I wash and freeze the blackberries indivdually on a tray (carefully removing first any invertebrates that I have missed, releasing them back onto the blackberry bushes)

This year we have had a mixture of very hot days with heavy rain in between. This appears to have kept the blackberries going much longer this year.

Sunday, 30 August 2009

Wood pigeon, hummingbird hawk moth and slow worm

Have suspected for sometime that wood pigeon are nesting in the tree that overhangs our garden. The last couple of days I have heard the almost pathetic cries of two young wood pigeons being feed by an adult. I say young, they are almost as pig as the parent and slight differences in the beak and plumage distinguish them.

Common urban birds, because they are more settled in towns etc, often give us a peak at a larger part of their lives than the less common species.

A hummingbird hawk moth again visited the red valerian growing from our flint wall. It was quite windy and the moth did not stay around for long. A red admiral butterfly also passed through the garden, but did not settle.

For the last few weeks we have had a couple of bags of wood chips laying on our front lawn, waiting to be put on the garden boarders. I was concerned that they may be damaging the grass beneath so decided to move them. As I lifted up the first bag I noticed a smallish slow worm (legless lizard) curled up underneath.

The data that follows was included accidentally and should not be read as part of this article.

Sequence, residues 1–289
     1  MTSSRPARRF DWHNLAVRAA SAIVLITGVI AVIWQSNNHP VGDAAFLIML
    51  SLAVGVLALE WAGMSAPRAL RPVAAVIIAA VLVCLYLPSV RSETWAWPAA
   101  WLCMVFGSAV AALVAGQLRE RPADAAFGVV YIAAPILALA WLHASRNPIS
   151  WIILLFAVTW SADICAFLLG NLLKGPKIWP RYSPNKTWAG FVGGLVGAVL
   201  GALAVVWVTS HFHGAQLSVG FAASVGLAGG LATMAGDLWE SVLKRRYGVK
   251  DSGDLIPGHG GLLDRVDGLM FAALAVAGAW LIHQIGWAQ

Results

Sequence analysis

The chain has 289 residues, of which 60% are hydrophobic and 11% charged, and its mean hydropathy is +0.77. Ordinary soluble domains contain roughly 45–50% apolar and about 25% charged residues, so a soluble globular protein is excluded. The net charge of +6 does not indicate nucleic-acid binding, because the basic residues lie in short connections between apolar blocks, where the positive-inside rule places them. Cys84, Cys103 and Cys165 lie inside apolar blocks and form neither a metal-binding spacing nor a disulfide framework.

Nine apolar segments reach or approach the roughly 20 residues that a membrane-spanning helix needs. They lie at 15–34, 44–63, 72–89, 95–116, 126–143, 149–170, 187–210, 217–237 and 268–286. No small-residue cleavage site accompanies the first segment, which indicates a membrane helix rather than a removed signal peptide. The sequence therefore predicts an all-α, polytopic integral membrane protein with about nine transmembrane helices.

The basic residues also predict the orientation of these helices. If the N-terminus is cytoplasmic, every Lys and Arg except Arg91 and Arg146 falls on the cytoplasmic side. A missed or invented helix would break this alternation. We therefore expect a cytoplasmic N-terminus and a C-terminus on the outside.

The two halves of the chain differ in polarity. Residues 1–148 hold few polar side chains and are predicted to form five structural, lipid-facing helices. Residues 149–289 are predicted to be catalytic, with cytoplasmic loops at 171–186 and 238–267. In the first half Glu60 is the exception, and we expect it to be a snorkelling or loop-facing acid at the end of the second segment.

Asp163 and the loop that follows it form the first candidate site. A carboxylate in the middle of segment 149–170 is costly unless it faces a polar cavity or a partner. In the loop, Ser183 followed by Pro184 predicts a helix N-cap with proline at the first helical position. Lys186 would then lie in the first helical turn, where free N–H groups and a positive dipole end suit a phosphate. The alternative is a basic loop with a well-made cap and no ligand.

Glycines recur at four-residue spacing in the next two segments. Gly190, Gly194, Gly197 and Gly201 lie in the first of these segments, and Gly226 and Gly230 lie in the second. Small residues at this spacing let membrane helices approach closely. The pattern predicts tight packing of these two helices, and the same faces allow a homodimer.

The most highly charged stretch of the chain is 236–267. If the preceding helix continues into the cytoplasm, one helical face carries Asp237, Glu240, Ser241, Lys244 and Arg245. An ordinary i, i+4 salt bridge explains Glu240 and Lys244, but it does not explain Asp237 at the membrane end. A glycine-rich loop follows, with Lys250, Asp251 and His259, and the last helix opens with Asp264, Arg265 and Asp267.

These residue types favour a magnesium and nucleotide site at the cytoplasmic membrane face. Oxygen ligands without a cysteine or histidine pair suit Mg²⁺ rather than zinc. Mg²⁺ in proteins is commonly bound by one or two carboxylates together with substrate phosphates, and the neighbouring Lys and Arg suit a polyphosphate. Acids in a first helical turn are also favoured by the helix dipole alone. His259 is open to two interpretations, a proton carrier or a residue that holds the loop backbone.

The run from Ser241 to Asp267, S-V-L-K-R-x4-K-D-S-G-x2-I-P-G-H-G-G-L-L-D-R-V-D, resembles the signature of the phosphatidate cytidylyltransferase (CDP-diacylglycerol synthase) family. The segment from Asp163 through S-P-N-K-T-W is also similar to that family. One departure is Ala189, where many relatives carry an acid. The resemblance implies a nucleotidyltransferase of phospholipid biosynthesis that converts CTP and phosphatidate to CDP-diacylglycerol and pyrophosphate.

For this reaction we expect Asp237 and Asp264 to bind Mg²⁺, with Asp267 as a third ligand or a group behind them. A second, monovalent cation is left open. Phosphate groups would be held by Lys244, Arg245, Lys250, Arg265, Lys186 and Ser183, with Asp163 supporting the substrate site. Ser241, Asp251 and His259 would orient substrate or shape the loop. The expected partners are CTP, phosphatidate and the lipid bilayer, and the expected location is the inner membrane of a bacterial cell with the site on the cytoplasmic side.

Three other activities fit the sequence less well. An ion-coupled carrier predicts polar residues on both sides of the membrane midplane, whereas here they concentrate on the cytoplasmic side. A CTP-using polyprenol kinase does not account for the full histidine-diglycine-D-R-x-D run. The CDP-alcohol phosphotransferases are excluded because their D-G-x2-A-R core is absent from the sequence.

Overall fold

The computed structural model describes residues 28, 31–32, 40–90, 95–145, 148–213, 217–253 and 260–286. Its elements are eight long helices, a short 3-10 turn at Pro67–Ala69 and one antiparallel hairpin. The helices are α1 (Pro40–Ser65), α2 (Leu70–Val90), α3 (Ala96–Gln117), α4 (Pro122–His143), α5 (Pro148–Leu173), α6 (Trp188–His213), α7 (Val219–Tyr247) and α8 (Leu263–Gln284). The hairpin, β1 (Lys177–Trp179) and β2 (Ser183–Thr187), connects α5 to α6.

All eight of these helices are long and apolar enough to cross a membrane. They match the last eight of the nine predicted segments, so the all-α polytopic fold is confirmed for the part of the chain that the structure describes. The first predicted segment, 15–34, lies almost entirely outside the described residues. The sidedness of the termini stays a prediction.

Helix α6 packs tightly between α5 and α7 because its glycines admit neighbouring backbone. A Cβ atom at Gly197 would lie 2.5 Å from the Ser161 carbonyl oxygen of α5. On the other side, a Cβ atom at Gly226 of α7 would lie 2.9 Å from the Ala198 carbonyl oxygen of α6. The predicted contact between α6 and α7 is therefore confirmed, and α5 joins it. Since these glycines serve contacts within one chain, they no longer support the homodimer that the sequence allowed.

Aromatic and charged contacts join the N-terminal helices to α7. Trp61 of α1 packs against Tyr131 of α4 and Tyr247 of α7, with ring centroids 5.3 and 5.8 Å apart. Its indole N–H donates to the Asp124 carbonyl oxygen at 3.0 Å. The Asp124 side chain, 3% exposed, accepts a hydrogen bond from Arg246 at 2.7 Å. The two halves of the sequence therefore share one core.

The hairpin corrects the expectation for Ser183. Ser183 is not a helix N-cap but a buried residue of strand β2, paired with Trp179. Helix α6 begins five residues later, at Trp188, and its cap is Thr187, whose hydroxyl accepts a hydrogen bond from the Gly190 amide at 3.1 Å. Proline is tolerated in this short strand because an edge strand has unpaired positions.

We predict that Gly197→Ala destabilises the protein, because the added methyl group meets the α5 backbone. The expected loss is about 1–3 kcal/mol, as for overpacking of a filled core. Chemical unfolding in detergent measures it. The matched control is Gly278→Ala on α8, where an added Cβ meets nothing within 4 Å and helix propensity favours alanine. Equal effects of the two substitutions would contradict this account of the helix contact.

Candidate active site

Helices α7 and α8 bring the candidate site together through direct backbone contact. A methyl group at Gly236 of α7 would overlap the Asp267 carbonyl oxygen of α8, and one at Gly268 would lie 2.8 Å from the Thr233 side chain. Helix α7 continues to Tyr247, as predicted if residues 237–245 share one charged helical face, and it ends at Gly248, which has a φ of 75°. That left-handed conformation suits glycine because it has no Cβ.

I checked the second bag, but found nothing except squashed grass.

Tuesday, 25 August 2009

Emperor Dragonfly and egg laying speckled wood

Another hot sunny day. I noticed a large Emperor dragonfly darting to and fro in our neighbours garden, occasionally crossing into our garden. It was probably hunting for flying insects which this species catches in flight, often patrolling an area. The dragonfly was around in the same area for much of the afternoon. There are many flying insects around the large tree that overhangs our garden and the dragonflies patrol was centered around this area.

I noticed a second speckled wood butterfly laying eggs on the long grass next to our lawn. For first observation of this see 8th August 2009.

Thursday, 20 August 2009

Small white butterflies egg laying

It was a hot sunny day yesterday. Several small white butterflies Pieris rapae in the garden feeding on the Buddleia bush and laying eggs on the nasturtium plants.

The butterfly is in the process of laying an egg. You can also see a few eggs that have already been laid on the leaf.